Supporting the School Education Sector Plan (ADB-49424-002)

  • Nepal
Geographic location where the impacts of the investment may be experienced.
Financial Institutions
  • Asian Development Bank (ADB)
  • World Bank (WB)
International, regional and national development finance institutions. Many of these banks have a public interest mission, such as poverty reduction.
Project Status
Stage of the project cycle. Stages vary by development bank and can include: pending, approval, implementation, and closed or completed.
Bank Risk Rating
Environmental and social categorization assessed by the development bank as a measure of the planned project’s environmental and social impacts. A higher risk rating may require more due diligence to limit or avoid harm to people and the environment. For example, "A" or "B" are risk categories where "A" represents the highest amount of risk. Results will include projects that specifically recorded a rating, all other projects are marked ‘U’ for "Undisclosed."
Voting Date
Dec 6, 2022
Date when project documentation and funding is reviewed by the Board for consideration and approval. Some development banks will state a "board date" or "decision date." When funding approval is obtained, the legal documents are accepted and signed, the implementation phase begins.
Government of Nepal
A public entity (government or state-owned) provided with funds or financial support to manage and/or implement a project.
  • Education and Health
The service or industry focus of the investment. A project can have several sectors.
Investment Type(s)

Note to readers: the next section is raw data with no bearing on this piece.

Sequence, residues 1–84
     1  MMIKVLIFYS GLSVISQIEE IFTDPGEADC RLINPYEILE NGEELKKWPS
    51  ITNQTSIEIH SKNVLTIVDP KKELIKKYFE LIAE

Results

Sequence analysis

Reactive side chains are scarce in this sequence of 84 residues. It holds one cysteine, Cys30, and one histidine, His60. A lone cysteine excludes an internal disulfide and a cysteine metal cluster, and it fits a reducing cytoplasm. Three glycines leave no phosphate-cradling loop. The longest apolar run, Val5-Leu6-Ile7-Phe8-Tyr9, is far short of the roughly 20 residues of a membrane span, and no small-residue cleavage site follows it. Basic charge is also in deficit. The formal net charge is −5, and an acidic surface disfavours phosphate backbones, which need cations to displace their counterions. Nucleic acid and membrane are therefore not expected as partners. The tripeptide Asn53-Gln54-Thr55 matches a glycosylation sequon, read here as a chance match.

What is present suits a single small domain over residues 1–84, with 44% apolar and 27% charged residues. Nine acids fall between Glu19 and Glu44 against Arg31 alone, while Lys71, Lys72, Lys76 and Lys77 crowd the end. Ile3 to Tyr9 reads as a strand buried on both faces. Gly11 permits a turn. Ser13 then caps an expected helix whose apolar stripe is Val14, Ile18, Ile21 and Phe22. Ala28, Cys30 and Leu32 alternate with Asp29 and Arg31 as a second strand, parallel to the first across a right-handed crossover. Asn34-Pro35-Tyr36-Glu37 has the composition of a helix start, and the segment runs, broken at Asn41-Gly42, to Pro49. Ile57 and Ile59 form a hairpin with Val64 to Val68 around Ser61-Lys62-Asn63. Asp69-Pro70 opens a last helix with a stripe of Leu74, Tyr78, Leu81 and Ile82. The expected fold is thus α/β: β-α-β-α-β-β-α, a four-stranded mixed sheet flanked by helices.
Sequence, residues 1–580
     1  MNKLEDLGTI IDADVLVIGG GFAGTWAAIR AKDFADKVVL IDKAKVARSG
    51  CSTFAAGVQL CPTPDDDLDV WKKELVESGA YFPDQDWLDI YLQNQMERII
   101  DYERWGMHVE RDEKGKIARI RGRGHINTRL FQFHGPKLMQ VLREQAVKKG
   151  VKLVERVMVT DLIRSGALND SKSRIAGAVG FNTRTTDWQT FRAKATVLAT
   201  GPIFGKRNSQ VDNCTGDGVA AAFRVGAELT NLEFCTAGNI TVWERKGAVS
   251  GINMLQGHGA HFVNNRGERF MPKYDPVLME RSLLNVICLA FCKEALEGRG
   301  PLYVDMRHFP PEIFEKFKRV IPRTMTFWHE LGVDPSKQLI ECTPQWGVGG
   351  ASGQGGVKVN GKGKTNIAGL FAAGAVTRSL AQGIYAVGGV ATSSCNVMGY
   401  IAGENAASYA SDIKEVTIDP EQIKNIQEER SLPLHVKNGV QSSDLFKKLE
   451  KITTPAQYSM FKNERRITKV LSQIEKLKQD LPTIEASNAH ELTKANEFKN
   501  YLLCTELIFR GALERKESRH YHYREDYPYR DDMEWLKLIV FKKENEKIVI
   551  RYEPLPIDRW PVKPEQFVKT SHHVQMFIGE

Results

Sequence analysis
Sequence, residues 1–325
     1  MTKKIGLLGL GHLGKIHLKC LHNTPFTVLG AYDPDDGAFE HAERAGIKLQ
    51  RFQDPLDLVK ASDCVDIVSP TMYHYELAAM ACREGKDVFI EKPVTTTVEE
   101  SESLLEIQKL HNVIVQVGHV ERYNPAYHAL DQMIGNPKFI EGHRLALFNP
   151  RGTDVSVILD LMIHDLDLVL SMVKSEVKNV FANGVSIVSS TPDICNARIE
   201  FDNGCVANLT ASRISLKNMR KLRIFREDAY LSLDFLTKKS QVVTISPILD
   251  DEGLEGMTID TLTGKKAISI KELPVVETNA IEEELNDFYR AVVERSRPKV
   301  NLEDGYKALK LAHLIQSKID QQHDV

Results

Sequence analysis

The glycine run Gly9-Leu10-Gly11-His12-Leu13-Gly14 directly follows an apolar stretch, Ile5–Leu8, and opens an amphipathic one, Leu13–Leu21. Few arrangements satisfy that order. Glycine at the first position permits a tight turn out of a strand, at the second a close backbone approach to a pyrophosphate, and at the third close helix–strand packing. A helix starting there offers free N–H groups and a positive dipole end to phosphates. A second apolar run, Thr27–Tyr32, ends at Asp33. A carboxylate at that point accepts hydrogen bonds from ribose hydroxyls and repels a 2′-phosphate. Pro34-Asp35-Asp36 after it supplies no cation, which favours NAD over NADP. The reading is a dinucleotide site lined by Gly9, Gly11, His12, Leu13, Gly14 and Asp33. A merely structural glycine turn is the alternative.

Grant, Loan
The categories of the bank investment: loan, grant, guarantee, technical assistance, advisory services, equity and fund.
Investment Amount (USD)
$ 201.00 million
Value listed on project documents at time of disclosure. If necessary, this amount is converted to USD ($) on the date of disclosure. Please review updated project documents for more information.
Primary Source

Original disclosure @ ADB website

Updated in EWS Feb 6, 2023

Disclosed by Bank Dec 6, 2022

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Project Description
If provided by the financial institution, the Early Warning System Team writes a short summary describing the purported development objective of the project and project components. Review the complete project documentation for a detailed description.

According to the ADB website:

The_results-based lending (RBL) program will assist the Government of Nepal in reforming the school education system through the implementation of its School Education Sector Plan (SESP) in a sector-wide approach (SWAp) supported by eight development partners, including the Asian Development Bank (ADB). The RBL program will strengthen equity, quality, and resilience of school education by helping the government (i) enhance learning provisions for basic and secondary schools; (ii) strengthen teaching and learning in basic and secondary schools; (iii) accelerate the recovery from learning losses caused by the coronavirus disease (COVID-19) pandemic; and (iv) improve the capacity of governments, especially local governments, for education planning, monitoring, and reporting.